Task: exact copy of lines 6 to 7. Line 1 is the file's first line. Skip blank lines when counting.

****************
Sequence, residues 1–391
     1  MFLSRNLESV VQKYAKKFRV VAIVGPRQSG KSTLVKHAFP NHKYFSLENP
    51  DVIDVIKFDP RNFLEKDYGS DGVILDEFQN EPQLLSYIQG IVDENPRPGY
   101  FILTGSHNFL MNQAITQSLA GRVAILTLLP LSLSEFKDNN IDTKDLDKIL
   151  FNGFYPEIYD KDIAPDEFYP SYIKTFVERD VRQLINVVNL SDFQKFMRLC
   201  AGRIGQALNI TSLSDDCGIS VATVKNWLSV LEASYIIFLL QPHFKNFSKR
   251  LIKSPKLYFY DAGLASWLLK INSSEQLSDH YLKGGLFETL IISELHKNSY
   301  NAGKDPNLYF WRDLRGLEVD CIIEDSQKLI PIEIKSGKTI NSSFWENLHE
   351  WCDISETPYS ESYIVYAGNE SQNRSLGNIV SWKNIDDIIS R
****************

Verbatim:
   201  AGRIGQALNI TSLSDDCGIS VATVKNWLSV LEASYIIFLL QPHFKNFSKR
   251  LIKSPKLYFY DAGLASWLLK INSSEQLSDH YLKGGLFETL IISELHKNSY